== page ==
He has steadfastly ruled out a transfer of power to Aung San Suu Kyi's National League for Democracy (NLD).

In 1993 he established the National Convention, a reconciliation process aimed at drawing up a new constitution.

After more than 15 years of deliberations boycotted by the NLD, the government in 2007 declared the process over and published a new constitution, with multi-party elections scheduled for 2010.

Critics said that, rather than ushering in genuine political change, the new basic law cemented the military's political dominance.

The new constitution reserves a quarter of seats in both houses of parliament for officers, and effectively bars Aung San Suu Kyi from holding office.

Born in 1933 near the town of Mandalay, Than Shwe joined the army at the age of 20. His career included a stint in the department of psychological warfare. He was decorated more than 16 times during his career as a soldier.

He is said to be introverted and superstitious, frequently seeking the advice of astrologers.

Reports in early 2007 said the 73-year-old had sought treatment in Singapore for an undisclosed medical condition.

Power struggles have plagued Burma's military leadership. Prime Minister Khin Nyunt was sacked and arrested in 2004. The former premier, who said he supported Aung San Suu Kyi's involvement in the National Convention, was seen as a moderate who was at odds with the junta's hardliners.


The Burmese media have been strictly controlled since the 1962 military coup. Everything from poetry to films is censored, filtering not only criticism of the government but most bad news, including reports of natural disasters and sometimes even defeats by the national football team.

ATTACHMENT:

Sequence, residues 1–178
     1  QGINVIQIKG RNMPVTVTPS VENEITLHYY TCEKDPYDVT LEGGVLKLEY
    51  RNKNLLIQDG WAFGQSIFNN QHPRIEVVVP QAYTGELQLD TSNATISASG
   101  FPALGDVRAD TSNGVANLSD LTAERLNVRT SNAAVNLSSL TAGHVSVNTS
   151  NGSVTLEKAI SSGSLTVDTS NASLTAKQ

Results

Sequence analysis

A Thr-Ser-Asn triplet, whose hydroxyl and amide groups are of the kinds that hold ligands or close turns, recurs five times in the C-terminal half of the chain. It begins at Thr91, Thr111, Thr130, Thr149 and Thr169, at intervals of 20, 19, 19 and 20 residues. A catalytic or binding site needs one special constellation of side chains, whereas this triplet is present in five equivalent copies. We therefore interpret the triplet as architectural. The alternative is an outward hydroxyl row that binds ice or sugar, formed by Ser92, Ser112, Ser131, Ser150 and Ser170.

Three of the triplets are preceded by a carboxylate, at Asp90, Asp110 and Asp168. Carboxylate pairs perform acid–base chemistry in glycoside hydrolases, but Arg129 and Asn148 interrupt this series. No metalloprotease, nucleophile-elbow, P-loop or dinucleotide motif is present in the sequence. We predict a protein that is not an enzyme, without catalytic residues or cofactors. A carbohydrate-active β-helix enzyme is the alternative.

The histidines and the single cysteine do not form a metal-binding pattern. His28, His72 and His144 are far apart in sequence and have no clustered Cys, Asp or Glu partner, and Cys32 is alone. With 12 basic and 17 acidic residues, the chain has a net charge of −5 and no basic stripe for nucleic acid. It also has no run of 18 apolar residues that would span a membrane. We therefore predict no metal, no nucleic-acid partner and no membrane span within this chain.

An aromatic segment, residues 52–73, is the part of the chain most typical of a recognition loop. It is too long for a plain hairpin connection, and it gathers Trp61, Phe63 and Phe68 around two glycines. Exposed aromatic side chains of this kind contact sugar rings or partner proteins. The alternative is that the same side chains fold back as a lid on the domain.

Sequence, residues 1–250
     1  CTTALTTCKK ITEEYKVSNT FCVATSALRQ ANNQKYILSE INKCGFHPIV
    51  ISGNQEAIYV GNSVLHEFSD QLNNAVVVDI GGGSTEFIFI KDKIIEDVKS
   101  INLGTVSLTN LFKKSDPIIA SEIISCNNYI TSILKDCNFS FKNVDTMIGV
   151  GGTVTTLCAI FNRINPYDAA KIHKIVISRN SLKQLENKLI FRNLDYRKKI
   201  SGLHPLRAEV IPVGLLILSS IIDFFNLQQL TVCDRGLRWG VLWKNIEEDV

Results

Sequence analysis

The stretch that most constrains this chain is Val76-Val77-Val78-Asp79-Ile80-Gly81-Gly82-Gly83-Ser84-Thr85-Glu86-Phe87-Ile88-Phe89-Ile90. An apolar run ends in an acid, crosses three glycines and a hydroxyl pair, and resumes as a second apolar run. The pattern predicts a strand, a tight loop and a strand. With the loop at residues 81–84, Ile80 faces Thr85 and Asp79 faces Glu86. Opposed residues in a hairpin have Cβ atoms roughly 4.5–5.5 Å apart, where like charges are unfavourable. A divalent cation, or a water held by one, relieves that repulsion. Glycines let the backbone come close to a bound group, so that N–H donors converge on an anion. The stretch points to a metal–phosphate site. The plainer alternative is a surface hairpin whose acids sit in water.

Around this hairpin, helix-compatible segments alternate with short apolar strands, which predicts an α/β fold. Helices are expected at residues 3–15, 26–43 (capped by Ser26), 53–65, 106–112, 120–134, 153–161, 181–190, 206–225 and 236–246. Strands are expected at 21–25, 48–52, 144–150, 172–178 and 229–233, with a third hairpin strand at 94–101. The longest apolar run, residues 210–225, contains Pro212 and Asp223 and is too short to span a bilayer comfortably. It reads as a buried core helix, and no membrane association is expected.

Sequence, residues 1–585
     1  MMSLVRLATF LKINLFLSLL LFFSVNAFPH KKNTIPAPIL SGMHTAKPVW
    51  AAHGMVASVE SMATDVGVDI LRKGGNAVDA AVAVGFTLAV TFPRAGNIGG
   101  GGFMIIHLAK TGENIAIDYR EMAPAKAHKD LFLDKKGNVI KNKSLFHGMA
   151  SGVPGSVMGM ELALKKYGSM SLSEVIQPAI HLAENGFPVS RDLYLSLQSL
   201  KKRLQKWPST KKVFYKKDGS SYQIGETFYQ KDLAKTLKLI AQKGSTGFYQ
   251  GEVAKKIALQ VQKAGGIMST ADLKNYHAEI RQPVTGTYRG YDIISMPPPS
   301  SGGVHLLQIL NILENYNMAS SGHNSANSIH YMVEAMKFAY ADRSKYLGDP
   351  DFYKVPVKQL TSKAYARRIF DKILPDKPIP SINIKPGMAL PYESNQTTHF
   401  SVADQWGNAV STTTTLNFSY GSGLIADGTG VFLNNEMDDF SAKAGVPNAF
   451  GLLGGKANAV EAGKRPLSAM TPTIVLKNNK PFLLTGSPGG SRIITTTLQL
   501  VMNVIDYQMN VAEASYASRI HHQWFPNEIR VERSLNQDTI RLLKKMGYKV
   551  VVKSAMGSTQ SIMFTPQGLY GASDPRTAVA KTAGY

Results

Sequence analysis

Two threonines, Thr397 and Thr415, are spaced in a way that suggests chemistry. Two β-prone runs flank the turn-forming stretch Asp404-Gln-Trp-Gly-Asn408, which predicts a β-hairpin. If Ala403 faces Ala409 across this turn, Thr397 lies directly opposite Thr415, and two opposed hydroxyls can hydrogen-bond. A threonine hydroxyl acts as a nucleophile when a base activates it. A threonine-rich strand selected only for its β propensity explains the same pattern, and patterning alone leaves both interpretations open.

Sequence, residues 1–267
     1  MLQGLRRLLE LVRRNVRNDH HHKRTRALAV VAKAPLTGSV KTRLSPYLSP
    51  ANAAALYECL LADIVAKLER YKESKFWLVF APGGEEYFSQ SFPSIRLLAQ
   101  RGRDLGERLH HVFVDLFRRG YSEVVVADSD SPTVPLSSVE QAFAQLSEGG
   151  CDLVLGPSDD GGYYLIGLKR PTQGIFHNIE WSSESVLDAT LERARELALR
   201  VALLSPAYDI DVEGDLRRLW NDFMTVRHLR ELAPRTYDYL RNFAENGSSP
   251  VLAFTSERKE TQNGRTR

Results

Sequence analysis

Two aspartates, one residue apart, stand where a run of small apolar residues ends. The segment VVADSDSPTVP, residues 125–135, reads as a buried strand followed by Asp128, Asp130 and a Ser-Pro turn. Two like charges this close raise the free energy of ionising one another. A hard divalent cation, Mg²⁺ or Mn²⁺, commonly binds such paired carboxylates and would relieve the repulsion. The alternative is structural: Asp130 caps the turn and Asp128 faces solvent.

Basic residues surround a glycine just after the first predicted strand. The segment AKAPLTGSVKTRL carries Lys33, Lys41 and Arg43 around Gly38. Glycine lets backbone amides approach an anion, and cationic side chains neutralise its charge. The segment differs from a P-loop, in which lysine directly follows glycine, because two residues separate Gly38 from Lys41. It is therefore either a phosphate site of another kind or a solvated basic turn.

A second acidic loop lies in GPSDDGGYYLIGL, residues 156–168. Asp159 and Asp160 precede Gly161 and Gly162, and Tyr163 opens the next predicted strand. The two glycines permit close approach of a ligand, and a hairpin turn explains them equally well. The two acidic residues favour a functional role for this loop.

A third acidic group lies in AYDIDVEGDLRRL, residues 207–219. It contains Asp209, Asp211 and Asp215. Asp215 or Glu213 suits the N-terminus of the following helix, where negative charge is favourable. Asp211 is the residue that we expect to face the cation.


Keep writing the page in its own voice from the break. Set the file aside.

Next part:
The state controls the main broadcasters and publications. Print and broadcast media are dominated by formulaic reports on the daily official and religious ritual activities of the ruling generals, accounts of progress in the implementation of policies, and denunciations of alleged US and UK plots against Burma.

Foreign radio is a key source of information about both the outside world and events at home. The BBC, Voice of America, the US-backed Radio Free Asia and the Norway-based opposition station Democratic Voice of Burma target listeners in Burma.

Well-off Burmese have access to some international television and a limited number of international publications.

Paris-based media watchdog Reporters Without Borders has placed Burma among the bottom 10 countries in its world press freedom ranking. It says the press is subject to "relentless advance censorship".

Internet access is tightly controlled by the government. It is further hampered by a poor telephone infrastructure and an unreliable supply of electricity. Reporters Without Borders calls Burma a "black hole" whose system "increasingly resembles an intranet as more and more foreign electronic services have been cut".

The press

Kyehmon - state-run daily
Myanmar Alin - organ of State Peace and Development Council (SPDC)
New Light of Myanmar - English-language organ of SPDC
Myanmar Times - state-run English-language weekly

TV Myanmar - state-run, operated by Myanmar TV and Radio Department - broadcasts in Bamar, Arakanese (Rakhine), Shan, Karen, Kachin, Kayah, Chin, Mon and English
MRTV-3 - state-run international TV service
Myawady TV - army-run network
TV5 - state-private joint pay-TV venture


Radio Myanmar - state-run, operated by Myanmar TV and Radio Department
City FM - entertainment station operated by Rangoon City Development Committee
Democratic Voice of Burma - opposition station based in Norway, broadcasts via shortwave

News agency/internet

Myanmar News Agency (MNA) - state-run
Mizzima News - run by Burmese exiles